Part 1 - The Budget
An evolution occurs in an audio design where once a fundamental parts count is achieved, juggling the costs of these individual parts makes a difference in how the total comes in line with the budget. For example, the budget for a small 2-way speaker could look something like this (actual values vary but this is just an example to make a point):
- 8" Woofer: 20%
- 1" Tweeter: 10%
- 2,500Hz BW-2 Crossover: 15%
- Cabinet: 20%
- Shipping box:: 5%
- Misc. Materials: 5%
- Labor: 25%
- Raw Cost: 100%
- Selling Price: 5 X Raw Cost
A similar budget is created for any piece of electronics gear with a far greater granularity but you get the general idea. What typically happens is that one of these items runs over budget so the designer must start juggling numbers to stay within the budget OR increase the budget (something the bean counters hate). So if the design must stay within budget, something has to give if the design is to make money. What typically is compromised first is the quality of the parts used in the design (what is on the bench rarely makes it into production).
If the designer can make a crossover network for less and stay within budget, this is one option OR use cheaper drivers OR a cheaper cabinet. Sourcing alternative drivers while possible is harder to do if a certain sound is to be maintained and the price difference for a typical 8" woofer can range from $20 to $80 (4x difference). Sourcing alternative cabinets is an option, especially if cabinet resonances can be disregarded and price differences are similar (2x-4x).
But the cost of a quality capacitor or inductor can be hundreds of times higher than the least expensive form available. For example, a 2.2uF/100V Deuland Cast PIO is $443, a 2.2uF/600V Mundorf Supreme is $22.50 (about 20 times lower in cost), and a 2.2uF/100V non-polar electrolytic is $0.50 (886 times lower in cost). So the parts count can be identical but the cost for these parts can be adjusted so that the design stays within budget.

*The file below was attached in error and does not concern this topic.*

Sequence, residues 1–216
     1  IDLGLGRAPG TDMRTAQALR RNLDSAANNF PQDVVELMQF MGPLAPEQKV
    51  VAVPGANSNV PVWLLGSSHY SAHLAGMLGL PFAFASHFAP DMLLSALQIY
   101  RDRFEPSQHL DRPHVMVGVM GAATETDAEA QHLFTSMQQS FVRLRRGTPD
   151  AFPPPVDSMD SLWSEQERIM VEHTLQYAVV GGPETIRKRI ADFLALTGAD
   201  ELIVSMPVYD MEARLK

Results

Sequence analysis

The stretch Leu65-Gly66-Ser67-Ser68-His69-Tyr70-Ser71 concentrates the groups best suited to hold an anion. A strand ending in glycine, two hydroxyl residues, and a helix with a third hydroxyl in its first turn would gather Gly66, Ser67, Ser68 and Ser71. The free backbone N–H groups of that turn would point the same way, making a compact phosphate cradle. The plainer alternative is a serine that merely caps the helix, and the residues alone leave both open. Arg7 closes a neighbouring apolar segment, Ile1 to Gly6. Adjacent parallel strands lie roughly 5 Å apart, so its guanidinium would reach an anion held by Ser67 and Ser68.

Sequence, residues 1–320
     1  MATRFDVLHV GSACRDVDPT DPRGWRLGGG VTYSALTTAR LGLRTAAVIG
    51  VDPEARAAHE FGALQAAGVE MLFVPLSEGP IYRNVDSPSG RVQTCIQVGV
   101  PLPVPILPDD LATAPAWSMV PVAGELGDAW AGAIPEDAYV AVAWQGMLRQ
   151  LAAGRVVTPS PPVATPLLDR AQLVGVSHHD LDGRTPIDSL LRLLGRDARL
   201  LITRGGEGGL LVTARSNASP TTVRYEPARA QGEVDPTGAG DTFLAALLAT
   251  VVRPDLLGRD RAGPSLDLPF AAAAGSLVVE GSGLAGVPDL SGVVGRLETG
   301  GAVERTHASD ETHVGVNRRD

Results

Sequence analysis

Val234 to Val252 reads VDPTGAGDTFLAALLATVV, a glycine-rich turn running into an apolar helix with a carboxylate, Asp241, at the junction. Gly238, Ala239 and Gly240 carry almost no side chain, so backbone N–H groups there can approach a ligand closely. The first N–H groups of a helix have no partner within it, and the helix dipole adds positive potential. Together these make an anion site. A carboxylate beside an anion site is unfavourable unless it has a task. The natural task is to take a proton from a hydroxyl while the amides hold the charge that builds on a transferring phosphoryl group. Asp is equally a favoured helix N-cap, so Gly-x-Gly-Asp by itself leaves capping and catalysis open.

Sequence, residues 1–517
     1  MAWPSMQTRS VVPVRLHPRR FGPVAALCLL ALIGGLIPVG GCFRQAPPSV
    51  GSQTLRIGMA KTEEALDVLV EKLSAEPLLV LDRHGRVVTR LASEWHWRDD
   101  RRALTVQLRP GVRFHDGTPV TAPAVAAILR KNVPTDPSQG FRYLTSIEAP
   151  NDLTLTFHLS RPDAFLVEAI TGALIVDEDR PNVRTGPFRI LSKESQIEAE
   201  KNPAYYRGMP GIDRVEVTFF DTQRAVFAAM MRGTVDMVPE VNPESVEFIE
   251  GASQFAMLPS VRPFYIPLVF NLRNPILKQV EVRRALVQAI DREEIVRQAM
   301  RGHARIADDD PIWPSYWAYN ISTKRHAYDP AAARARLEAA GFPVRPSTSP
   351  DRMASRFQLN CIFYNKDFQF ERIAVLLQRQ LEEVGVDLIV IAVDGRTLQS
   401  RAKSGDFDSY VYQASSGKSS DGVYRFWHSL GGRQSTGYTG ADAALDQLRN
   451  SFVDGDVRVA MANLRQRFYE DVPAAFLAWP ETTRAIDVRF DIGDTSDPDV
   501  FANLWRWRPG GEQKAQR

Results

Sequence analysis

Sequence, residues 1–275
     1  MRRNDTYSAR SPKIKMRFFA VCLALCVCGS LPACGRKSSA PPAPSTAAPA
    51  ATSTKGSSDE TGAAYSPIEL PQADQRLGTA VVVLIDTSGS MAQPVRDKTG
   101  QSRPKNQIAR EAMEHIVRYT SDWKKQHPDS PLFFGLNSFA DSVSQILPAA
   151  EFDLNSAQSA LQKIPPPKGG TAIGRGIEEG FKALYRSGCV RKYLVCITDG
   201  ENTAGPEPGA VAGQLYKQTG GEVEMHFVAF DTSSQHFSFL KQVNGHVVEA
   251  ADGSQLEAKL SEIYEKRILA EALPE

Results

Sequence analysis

But what do you give up for the lower cost? A good analogy to answer this question is to look at the MSRP of new automobiles. All of them will go 70mph but why does the TATA Nano have a MSRP of $3,056 (the cheapest car built) and the LAMBORGHINI Veneno have a MSRP of $4.5 million (BTW, the last one of the nine built sold for $7.6M)? Is the Veneno worth 1,472 times more than the Nano? Well that is what the high-end is all about, right? And if you believe that the Veneo is worth it, then you are truly a hopelessly hooked audiophile like me.
Matching the links in the audio chain becomes as important as the budget to which this speaker is assigned. Again as an analogy, would you suspect to find the Monster audio system of the Veneo in the Nano? No. And why not? I am sure that this question need not be answered.
The question becomes one of applying the right money to the right design to fit into the right system. One would not appreciate the $400 Deuland capacitor in a $100 boom box but even in this modest system one would appreciate a minor capacitor upgrade from a $0.50 non-polar electrolytic to something a little more esoteric at just twice the price.
So now that you understand a little about budgets and how things fit into the overall audio chain, in the next part we will look at why it costs what it does to make a good sounding capacitor and what some of the major design considerations are.
Yours for higher fidelity,
Skeptics are essential to keep us sane; skeptics do little to keep us inspired. Philip Rastocny, 7-16-2014